construction of the aquatics centre was completed a year before london’s 2012 olympic games. capable of holding 17,500 individuals, the facility was the venue for the swimming, diving, synchronized swimming and water polo events. the building comprises an aluminum-clad steel roof which spans 160 meters in length and 90 meters at its widest point. three substantial concrete columns support the 3,000 ton overhead structure.
the galaxy soho project is a 330,000-square meter office, retail and entertainment complex, inspired by the grand scale of beijing. its architecture is a composition of five continuous, flowing volumes that are set apart, fused or linked by stretched bridges. these components adapt to each other in all directions, generating a panoramic architecture without corners or abrupt transitions that break the fluidity of its formal composition.
in september 2013, the serpentine sackler gallery opened to the public. the renovation project saw the transformation of a former 1805 gunpowder store positioned a short seven-minute walk from the serpentine gallery on the north side of the serpentine bridge. the institution’s second exhibition space in kensington gardens includes an additional gallery, restaurant and social zone, and has become a vibrant cultural destination.
in 2013, ZHA finalized construction of the hong kong polytechnic university’s ‘jockey club innovation tower’ — a 15-storey structure that accommodates up to 1,800 students and staff per day. the project, hadid’s first permanent building in hong kong, reinterprets the orthodox typology of a multi-story building, establishing a series of fluid and connected volumes in constant dialogue with each another.
in 2007, zaha hadid architects won a competition to develop the ‘heydar aliyev center‘ in the city of baku, azerbaijan. now complete, the scheme stands as the country’s primary building for hosting the former soviet nation’s cultural programs. in realizing the majestic structure, zaha hadid employed a sinuous geometry that sets it apart from the city’s typically rigid and monumental architecture.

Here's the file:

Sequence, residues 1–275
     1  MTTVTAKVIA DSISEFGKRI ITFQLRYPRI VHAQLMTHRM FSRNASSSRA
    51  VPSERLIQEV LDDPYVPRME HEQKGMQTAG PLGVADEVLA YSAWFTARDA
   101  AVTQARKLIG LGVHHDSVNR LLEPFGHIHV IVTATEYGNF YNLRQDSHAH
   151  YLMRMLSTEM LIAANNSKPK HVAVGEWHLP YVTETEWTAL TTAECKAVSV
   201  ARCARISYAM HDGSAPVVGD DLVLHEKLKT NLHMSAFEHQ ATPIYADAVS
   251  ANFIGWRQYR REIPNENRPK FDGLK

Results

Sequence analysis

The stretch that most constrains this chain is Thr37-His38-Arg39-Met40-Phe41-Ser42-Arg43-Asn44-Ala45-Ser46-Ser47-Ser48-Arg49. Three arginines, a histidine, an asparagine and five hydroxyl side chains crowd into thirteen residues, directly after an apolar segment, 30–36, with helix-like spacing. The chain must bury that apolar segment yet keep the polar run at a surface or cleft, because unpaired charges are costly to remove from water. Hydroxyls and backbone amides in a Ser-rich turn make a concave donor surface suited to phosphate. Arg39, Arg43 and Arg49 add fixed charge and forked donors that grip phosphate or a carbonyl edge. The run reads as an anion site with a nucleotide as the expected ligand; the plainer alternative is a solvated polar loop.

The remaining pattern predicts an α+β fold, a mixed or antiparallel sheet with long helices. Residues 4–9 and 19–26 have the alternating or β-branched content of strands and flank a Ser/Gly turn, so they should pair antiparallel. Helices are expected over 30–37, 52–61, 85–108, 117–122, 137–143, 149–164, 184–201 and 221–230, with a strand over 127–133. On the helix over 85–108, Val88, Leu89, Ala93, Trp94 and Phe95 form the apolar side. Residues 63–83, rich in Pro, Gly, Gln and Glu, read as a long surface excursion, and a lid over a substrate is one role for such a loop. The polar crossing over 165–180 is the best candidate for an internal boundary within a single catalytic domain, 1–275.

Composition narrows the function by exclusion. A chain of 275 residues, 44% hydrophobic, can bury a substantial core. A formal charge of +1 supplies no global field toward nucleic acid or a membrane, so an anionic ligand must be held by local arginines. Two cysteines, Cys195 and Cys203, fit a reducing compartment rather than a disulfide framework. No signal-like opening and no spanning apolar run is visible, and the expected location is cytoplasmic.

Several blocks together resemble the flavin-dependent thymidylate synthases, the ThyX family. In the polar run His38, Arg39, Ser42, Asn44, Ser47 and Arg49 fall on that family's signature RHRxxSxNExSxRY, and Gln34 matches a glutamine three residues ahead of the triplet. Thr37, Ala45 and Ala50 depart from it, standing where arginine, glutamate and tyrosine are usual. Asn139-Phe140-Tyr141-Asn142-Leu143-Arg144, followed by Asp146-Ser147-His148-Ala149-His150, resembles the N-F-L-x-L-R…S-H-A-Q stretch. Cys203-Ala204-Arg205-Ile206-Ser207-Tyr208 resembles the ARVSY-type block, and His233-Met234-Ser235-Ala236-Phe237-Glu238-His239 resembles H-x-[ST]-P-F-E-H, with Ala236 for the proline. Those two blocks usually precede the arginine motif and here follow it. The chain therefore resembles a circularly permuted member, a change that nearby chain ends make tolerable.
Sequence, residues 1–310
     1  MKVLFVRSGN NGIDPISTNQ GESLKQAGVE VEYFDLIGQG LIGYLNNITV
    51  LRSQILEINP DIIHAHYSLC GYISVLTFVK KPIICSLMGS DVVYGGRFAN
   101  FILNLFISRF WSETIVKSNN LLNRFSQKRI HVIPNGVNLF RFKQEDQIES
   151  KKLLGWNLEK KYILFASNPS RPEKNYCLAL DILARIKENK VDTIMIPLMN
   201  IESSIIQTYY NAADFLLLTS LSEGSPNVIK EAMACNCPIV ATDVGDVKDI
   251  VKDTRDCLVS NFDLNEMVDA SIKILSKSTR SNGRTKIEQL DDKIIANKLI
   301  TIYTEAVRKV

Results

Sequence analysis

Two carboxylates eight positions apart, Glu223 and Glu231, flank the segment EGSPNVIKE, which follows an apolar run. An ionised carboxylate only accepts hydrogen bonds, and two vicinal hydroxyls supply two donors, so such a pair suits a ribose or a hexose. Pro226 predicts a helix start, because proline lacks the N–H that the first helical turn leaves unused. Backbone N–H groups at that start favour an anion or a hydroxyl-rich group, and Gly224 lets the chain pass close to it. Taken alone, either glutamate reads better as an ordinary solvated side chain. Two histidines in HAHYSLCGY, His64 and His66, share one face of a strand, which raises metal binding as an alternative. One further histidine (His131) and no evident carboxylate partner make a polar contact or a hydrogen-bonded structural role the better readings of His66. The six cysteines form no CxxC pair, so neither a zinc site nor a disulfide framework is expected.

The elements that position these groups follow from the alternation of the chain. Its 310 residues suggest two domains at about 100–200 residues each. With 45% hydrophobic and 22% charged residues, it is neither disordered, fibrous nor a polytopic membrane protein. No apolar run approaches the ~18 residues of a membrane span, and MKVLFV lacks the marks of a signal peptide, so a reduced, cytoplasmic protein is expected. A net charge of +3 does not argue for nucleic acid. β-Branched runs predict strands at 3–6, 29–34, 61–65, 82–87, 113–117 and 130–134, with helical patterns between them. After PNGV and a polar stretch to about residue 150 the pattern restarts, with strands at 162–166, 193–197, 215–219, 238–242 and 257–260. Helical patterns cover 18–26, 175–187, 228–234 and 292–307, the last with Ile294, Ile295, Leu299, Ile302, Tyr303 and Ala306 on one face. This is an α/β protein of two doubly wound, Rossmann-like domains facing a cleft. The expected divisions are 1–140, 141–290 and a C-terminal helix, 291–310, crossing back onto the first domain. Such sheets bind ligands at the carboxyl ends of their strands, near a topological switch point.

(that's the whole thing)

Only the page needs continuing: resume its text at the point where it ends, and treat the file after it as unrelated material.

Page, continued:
seoul’s ‘dongdaemun design park & plaza‘ (DDP) opened its doors to the public in march 2014, seven years after hadid floated initial plans for the project. the scheme, developed by the seoul metropolitan government, introduces the latest and most innovative design trends, establishing a lively cultural hub of public congregation that promotes fluid thinking across creative disciplines.
following an international competition held in 2013, bee’ah – a leading middle eastern environmental and waste management company – commissioned zaha hadid to build its new headquarters. located in sharjah, one of the united arab emirates’ largest urban centers, the sweeping design will contain educational facilities and exhibition spaces, enabling the company to further its engagement with both local and international audiences.
last year, zaha hadid revealed plans for two 44-storey towers to be built along australia’s gold coast. subject to development approval, ‘mariner’s cove’ will combine 370 high-rise living units with the region’s first privately-owned cultural precinct, featuring an art gallery, museum, and outdoor sculptural gardens overlooking the broadwater.
after an international competition, zaha hadid architects was chosen to construct the danjiang bridge — an entirely new crossing that will span the tamsui river in taiwan. working alongside bridge specialists leonhardt, andrä und partner, hadid’s design is located at the mouth of one of taiwan’s largest rivers, and will serve as a key part of the region’s upgraded infrastructure.